New Delhi: Ahead of the G-20 Summit scheduled to be held in India in September this year, the Delhi government’s plans to relocate beggars in the city are in full swing — a step it could have easily skipped if previous plans to make the capital “beggar-free” were successfully implemented.
India took over the presidency of the G20 group of countries in December last year and plans have been afoot since to prepare for the Summit to be hosted in Delhi in September. The plan to relocate Delhi’s beggars is part of this preparation.
In November 2021, the central government had launched a pilot project to rehabilitate beggars in 10 Indian cities, including Mumbai, Bengaluru and Chennai, among others. The plan had an ambitious roadmap to create livelihood opportunities through training and skill-building that could help them achieve gainful employment. Moreover, the larger objective was to deal with beggary as a “social problem” and not as a “criminal act”.
But after the end of the pilot project in February 2022, a longer rehabilitation programme has still not been initiated in the national capital. According to the Union Ministry of Social Justice and Empowerment, the “modalities of implementation of the scheme were still under consideration”.
An official from the Ministry of Social Justice and Empowerment told ThePrint that the rehabilitation project was at a standstill since the features of the scheme, like the target beneficiaries, agencies for implementation, and the best strategies for the project were still being reviewed.
“You chart out a scheme once, but after seeing how it works on the ground, there are other things that come up that weren’t factored in at the planning stage. So, learning from the results of the pilot projects, it will be modified, if needed, to address any limitations so that it gives the best results,” said the official.
The official added that there were still a few days left for the financial year 2022-2023 to end, and the scheme might just become operational during that window. “There was still time for the funds from last year to be utilised,” he said.
But according to those working on the ground, the mobilisation of beggars and alcoholism among them, were the challenges impacting the success of the project.
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What is the scheme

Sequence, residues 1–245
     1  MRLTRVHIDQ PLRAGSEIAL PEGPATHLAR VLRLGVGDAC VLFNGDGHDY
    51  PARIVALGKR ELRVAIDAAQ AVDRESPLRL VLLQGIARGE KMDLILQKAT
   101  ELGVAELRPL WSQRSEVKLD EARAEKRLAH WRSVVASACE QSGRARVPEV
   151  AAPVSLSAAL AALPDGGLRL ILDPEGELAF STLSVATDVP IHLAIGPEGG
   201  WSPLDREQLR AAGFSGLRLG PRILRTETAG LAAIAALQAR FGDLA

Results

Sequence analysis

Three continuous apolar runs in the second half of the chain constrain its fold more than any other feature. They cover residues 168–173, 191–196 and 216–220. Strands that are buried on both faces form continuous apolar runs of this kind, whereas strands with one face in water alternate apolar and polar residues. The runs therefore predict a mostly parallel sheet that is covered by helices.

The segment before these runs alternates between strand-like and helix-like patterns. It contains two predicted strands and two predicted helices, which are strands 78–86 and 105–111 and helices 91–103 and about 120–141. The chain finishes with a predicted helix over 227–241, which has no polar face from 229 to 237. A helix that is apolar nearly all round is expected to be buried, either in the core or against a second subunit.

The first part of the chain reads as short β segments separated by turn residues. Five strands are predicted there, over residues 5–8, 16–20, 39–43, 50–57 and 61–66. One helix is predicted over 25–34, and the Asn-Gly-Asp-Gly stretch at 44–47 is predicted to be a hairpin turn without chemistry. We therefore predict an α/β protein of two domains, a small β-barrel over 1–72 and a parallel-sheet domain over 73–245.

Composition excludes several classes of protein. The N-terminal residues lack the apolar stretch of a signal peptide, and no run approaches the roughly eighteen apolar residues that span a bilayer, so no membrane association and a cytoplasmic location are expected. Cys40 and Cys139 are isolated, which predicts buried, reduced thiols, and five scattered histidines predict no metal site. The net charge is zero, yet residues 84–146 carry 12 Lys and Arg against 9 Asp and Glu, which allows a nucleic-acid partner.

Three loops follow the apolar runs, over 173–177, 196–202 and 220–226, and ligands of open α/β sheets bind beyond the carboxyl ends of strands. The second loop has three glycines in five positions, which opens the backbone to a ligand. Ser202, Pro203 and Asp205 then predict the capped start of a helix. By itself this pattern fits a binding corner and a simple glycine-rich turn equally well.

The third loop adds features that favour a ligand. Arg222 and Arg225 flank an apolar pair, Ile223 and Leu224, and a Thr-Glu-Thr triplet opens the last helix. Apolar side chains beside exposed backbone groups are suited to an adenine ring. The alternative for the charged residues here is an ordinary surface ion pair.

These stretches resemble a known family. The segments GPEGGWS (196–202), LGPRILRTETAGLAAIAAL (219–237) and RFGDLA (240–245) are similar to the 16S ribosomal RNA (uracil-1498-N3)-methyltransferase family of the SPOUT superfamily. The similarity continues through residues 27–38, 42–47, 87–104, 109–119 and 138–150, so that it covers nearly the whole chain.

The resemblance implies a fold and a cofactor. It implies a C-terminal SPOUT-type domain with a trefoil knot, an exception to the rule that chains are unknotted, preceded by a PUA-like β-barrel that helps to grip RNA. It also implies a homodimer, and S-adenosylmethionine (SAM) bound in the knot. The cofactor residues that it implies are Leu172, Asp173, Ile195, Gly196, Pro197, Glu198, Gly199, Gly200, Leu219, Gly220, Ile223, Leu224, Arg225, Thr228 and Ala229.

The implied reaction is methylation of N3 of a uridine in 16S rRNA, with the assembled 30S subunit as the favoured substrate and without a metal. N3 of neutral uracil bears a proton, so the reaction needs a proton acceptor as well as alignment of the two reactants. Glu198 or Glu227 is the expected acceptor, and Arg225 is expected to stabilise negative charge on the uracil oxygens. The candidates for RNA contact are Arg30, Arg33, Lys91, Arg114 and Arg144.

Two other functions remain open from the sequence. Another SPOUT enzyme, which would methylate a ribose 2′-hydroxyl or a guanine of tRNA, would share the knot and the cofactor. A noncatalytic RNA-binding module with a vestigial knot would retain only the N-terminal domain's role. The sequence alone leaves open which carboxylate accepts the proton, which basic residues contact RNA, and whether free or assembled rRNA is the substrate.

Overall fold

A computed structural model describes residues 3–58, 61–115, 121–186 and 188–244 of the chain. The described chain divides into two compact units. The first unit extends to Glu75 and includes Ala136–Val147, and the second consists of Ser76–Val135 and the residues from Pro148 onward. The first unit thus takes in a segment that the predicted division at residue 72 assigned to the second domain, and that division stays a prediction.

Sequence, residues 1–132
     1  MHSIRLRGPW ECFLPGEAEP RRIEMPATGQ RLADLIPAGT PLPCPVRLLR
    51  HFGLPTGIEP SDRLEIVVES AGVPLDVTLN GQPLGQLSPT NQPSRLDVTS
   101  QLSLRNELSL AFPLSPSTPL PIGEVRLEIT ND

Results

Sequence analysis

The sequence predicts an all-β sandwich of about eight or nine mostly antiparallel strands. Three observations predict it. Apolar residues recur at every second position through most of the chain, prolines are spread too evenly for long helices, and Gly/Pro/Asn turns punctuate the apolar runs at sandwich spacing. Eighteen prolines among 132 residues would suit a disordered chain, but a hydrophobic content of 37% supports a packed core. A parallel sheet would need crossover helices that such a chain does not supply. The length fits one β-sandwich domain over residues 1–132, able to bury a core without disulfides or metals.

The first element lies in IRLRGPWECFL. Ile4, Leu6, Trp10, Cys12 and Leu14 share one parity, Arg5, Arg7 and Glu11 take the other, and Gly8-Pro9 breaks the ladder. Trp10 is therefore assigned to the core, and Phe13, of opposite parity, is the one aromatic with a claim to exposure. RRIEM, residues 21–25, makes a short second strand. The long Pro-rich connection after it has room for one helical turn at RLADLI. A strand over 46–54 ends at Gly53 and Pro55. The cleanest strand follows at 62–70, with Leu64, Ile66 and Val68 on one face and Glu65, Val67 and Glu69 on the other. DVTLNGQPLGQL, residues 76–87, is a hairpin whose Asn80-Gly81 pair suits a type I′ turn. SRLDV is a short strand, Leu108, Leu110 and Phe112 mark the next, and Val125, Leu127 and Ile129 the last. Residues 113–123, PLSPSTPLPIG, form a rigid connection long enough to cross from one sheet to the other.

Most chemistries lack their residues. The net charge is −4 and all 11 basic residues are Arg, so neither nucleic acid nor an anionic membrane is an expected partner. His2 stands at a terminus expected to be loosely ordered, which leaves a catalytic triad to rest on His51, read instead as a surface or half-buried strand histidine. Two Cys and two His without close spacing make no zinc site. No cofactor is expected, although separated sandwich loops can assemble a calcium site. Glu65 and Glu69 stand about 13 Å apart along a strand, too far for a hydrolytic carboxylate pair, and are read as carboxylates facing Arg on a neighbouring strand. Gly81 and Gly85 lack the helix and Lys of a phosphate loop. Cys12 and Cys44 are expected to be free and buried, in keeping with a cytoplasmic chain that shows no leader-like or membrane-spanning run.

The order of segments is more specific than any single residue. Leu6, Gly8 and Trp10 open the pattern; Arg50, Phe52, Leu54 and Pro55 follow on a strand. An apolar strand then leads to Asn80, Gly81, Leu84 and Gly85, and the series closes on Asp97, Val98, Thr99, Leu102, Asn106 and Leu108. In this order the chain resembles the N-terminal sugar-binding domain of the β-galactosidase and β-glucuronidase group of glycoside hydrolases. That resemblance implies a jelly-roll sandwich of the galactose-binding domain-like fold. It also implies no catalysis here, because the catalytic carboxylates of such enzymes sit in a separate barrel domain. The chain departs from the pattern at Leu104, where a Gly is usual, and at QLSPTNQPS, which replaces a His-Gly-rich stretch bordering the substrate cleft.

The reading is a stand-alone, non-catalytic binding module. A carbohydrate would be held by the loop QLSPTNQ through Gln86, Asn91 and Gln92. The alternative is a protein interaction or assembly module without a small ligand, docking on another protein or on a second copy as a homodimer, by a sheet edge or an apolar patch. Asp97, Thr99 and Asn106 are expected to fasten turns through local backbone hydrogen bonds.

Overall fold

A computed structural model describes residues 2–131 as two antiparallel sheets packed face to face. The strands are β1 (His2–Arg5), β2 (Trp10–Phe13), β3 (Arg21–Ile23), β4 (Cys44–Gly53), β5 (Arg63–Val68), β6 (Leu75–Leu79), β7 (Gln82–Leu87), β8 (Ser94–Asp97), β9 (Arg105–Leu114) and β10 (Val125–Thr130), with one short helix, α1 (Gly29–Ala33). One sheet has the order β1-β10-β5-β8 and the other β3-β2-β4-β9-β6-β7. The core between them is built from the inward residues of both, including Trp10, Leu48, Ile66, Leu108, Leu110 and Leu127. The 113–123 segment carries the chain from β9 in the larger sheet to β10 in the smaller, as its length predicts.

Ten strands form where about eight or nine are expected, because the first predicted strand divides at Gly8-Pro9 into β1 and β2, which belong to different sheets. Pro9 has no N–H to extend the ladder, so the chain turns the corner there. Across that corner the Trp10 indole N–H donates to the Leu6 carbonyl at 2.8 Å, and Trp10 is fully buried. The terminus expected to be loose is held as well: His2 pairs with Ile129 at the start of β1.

After the completion of the first trial run in February 2022, a more extensive plan had to be charted out targeting 20,719 individuals as “persons engaged in the act of begging” (PEAB) in Delhi, identified by the Institute for Human Development. However, since then, there has not been a renewal of the programme.
According to the plan, the responsibility of carrying out the training and rehabilitation continues to be the responsibility of the Delhi government’s Department of Social Welfare, while the relocation of beggars and shelters is now under the Delhi Urban Shelter Improvement Board (DUSIB).
“After the pilot project, about 25 beggars were rehabilitated from one shelter home, but the pilot project was for a short time. It helped us make a base and gave us some grounding. We will take it up again and ensure the programme reaches all the DUSIB shelters. The objective is to direct them towards earning instead of begging,” senior officials from the Delhi government’s social welfare department told ThePrint.
Though the Delhi government is the implementing agency, the scheme called “Comprehensive Rehabilitation of persons engaged in the act of Begging” comes under the central government’s umbrella scheme “SMILE — Support for Marginalized Individuals for Livelihood and Enterprise”, launched on 30 November 2021. The target was to rehabilitate 20,000 beggars across India in the next five years.
The funds for these five years had also been allocated starting from Rs 10 crore in 2021-2022 to Rs 30 crore in 2025-2026, with an increment of Rs 5 crore each year.
The Ministry of Social Justice and Empowerment launched the pilot project in 10 cities — Indore, Patna, Lucknow, Bengaluru, Hyderabad, Delhi, Nagpur, Chennai, Ahmedabad and Mumbai — with the help of the state governments/UTs/Urban Local Bodies (ULBs) etc., under SMILE.
Several comprehensive measures, including survey/identification, mobilisation, medical facilities and sustainable settlement of people engaged in beggary were undertaken under these pilots.
Though confirmed by the central government that the rehabilitation scheme was not operational, the funds for 2023-2024 which were slated to be released annually for the scheme, continued to pour in, according to the original plan, despite the programme being stalled.
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Issues with the pilot scheme
Dr Sanjay Kumar, co-director of Aashray Adhikar Abhiyan, one of the NGOs assigned with the task of rehabilitating beggars under the pilot project at a homeless shelter on Delhi’s Roshanara Road, told ThePrint that 99 per cent of beggars from his batch were employed.
“After training in wall painting and other similar courses, we were able to get them jobs. However, there were some who couldn’t perform well and were not retained by their employers. The major reason for this, I think is alcoholism,” said Kumar, adding that if this concern goes unaddressed, it would be difficult to make the scheme work on a larger scale.
“Mobilisation of beggars” was another concern, cited by Rashmi Singh, former director of the Delhi government’s social welfare department. In an interview during the launch of the scheme in November 2021, Singh had told ThePrint that the key issue in the pilot project was to persuade beggars, especially women, to leave everything behind and join skill classes.
“The data of beggars was there, but to look for them, to convince and counsel them to get on board with this programme – the process of mobilisation was very difficult,” she added.
(Edited by Richa Mishra)
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